5 min read
The Solana account model is a critical part of the Solana ecosystem and can be one the hardest concepts for developers, especially ones transitioning from other blockchains, to understand. To work on the Solana blockchain efficiently, a good understanding of the account model is important. Let us first define what accounts are and explore the different types of accounts as well as how we can create and interact with them.
What is an Account?
Accounts are any place where data is stored on the Solana blockchain. What makes the Solana blockchain unique compared to other blockchains like Ethereum is how this data is stored and managed. Here are the different account categories:
- Program Account - These accounts store executable code and the equivalent of Ethereum smart contracts.
- Storage Account - These accounts store the data connected to programs.
- Token Account - These accounts track an account balance of tokens and allow for transferring or receiving tokens between accounts.
In the Solana blockchain, there is a separation between the program and the data/state of the program. Both are assigned separate accounts but are connected. Comparing this to Ethereum, a smart contract and the data of that smart contract are located in one location on the blockchain. If you were to make a program that counted the number of token transfers that a program made, you would need to create the program to make the transfers as well as another account to store the count of transfers.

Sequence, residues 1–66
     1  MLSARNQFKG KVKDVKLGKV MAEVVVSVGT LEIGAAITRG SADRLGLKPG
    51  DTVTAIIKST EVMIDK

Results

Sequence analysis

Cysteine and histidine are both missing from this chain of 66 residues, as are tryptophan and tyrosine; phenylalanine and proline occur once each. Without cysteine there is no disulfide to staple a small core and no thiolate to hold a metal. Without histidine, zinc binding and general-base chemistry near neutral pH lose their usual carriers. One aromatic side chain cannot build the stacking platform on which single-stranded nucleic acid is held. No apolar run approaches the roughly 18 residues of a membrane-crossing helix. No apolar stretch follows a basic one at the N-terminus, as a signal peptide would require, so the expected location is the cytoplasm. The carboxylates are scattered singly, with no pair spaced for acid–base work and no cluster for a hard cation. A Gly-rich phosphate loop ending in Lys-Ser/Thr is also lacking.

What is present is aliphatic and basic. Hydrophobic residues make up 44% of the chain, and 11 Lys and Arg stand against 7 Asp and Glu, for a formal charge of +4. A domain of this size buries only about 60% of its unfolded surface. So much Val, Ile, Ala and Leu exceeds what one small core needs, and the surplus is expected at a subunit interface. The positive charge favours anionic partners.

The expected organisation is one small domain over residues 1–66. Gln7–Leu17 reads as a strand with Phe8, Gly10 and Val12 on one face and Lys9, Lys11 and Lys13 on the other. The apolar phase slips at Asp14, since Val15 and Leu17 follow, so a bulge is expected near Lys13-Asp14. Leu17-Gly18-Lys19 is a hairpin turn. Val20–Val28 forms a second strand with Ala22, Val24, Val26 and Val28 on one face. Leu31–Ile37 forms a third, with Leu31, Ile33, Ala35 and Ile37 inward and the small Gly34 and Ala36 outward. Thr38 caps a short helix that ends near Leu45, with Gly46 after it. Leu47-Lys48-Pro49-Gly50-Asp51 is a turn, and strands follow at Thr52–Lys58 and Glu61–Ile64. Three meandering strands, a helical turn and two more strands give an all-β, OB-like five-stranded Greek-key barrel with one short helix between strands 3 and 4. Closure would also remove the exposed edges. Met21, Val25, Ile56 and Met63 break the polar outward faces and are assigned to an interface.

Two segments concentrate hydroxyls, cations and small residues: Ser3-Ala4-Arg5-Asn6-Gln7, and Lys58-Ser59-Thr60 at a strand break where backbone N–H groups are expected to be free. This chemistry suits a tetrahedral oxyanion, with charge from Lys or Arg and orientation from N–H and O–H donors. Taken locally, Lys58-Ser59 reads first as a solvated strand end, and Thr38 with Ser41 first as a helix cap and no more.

To take an example from the traditional finance world, you can think of a program like a debit card, your bank as a storage account, and your account balance as a token account. While each of these is connected, they are in separate locations. If you were to lose your debit card, you would not lose your bank account (but maybe the funds in it). Your card is also the only card that can alter the account balance by using it to buy things. Similarly, the program associated with a storage account is the only one that can change the state of the data.
Types of Accounts